- Intents2 – An intent is what a user is trying to accomplish. Within the code, this is how you define your function. ‘Intent’ doesn’t relate to the specific words that a user says, but the high-level goal they are aiming for.
- Utterances – The specific phrases used when requesting a response from Alexa (e.g. “What time is it?”).
- Welcome/Help – A welcome message that provides users brief help on how to use the skill.
- Out of bounds – These are requests your skill isn’t designed to accommodate. Like a well-designed 404 page, the out of bounds requests should be handled gracefully and redirect the user as much as possible.
- One shots – A one-shot utterance is given all at once and fully satisfies what is needed to activate an intent. These are the most direct way for a user to interface with your skill.
- Smart homes – A home equipped with lights, outlets, thermostats, cameras and other electronic devices that can be controlled remotely by phone or computer.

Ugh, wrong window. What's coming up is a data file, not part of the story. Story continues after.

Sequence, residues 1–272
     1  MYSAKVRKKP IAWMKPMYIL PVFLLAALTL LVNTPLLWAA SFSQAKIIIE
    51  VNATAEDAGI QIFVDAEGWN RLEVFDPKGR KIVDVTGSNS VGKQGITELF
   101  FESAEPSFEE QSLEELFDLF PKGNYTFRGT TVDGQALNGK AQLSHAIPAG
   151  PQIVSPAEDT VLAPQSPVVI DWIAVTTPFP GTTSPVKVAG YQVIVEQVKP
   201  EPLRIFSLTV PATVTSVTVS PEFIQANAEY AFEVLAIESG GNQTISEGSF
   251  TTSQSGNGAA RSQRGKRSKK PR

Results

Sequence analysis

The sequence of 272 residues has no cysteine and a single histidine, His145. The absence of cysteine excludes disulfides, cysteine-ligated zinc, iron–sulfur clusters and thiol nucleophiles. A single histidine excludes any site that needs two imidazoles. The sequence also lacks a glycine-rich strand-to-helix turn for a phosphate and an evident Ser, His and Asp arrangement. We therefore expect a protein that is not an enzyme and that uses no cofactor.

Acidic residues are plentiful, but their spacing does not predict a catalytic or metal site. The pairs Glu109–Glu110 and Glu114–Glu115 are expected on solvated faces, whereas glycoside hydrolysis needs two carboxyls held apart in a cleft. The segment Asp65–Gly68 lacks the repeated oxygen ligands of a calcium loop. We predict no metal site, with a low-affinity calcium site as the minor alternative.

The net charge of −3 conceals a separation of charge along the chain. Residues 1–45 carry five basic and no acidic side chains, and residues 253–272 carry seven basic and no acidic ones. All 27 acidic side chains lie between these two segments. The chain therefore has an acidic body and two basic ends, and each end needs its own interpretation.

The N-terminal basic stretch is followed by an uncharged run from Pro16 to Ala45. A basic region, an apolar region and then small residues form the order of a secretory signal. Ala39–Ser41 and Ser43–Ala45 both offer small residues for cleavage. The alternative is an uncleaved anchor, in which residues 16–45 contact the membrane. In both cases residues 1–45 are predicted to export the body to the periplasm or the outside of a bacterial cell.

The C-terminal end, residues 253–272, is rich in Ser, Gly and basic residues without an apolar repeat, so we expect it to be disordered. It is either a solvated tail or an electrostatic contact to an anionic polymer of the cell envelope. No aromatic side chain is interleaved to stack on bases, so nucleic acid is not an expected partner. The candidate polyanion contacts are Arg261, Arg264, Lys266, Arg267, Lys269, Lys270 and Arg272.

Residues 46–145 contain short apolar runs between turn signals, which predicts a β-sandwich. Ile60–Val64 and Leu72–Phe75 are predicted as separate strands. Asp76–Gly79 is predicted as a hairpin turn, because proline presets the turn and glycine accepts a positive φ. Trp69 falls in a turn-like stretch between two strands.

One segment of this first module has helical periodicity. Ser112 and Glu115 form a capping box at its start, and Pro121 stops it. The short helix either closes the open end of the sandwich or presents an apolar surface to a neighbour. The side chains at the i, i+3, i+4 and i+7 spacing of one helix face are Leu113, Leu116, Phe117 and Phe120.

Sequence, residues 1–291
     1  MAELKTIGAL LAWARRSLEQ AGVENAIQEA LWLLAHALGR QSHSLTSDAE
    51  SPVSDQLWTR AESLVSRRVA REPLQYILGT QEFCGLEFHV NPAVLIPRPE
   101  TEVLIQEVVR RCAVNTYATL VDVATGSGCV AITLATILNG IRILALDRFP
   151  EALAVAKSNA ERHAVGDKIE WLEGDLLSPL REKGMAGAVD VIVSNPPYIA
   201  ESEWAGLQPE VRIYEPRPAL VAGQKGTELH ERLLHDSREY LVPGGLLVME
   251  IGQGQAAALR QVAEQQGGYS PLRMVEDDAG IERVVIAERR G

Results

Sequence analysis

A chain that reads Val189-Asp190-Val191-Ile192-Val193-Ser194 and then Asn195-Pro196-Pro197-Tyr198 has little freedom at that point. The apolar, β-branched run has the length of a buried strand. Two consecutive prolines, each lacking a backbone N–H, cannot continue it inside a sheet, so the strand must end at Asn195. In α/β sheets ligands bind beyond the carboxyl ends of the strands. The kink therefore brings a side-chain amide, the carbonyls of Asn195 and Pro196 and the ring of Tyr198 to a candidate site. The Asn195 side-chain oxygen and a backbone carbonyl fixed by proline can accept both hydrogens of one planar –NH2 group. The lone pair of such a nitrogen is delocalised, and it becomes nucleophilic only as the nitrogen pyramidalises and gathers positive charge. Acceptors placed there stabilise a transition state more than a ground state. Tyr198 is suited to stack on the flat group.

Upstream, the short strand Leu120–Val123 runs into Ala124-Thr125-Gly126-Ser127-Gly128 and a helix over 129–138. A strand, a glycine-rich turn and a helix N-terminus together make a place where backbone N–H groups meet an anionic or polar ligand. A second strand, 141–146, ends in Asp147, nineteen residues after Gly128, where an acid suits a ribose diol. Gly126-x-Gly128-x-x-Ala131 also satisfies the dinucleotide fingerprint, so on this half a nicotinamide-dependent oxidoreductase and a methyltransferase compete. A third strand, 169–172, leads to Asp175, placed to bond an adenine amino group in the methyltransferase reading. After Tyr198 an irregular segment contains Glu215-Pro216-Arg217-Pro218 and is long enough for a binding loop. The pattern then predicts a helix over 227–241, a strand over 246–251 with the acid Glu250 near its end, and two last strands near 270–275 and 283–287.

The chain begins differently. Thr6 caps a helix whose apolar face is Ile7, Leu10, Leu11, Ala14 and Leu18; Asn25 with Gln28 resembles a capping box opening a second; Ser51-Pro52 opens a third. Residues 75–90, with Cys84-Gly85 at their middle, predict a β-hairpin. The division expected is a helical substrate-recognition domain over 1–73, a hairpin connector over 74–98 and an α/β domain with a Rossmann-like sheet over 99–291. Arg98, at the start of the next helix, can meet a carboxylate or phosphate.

- Alexa for business (closed systems) – Utilizes information about the devices, user accounts, and skills in an organization to respond or perform the requested action – such as scheduling or starting meetings, etc. A notable example is Marriott Hotels venture to let you order room service, housekeeping, and check out via voice.
- SDK potential – Alexa has SDKs (Software Development Kits) for Java, Node.js, and Python, which are sets of software development tools and libraries that give you programmatic access to Alexa features.
Applying the “Old”, Familiar Design Heuristics
At Red Privet, we’ve begun work with clients on Alexa-based VUI projects (ask us about it). And what we’re learning is that, while the ever-changing landscape can be both challenging and new, there are still some familiar design heuristics (principles) that have direct relevance to VUI. Below are some key design principles to keep top of mind when developing an Alexa skill:
- Recognition versus Recall – “Recognition refers to our ability to “recognize” an event or piece of information as being familiar, while recall designates the retrieval of related details from memory.”3 This one is huge given there is no inherent recognition in VUI. For that reason, recall – which designates the retrieval of related details from memory, is important as is feedback (see below). Since users cannot “browse” the functionality, we need to find simple, unobtrusive ways to present capabilities and options to them … even repeatedly.
- Balance of structure and freedom – Include prompts and conversation versus one-shots and direct commands.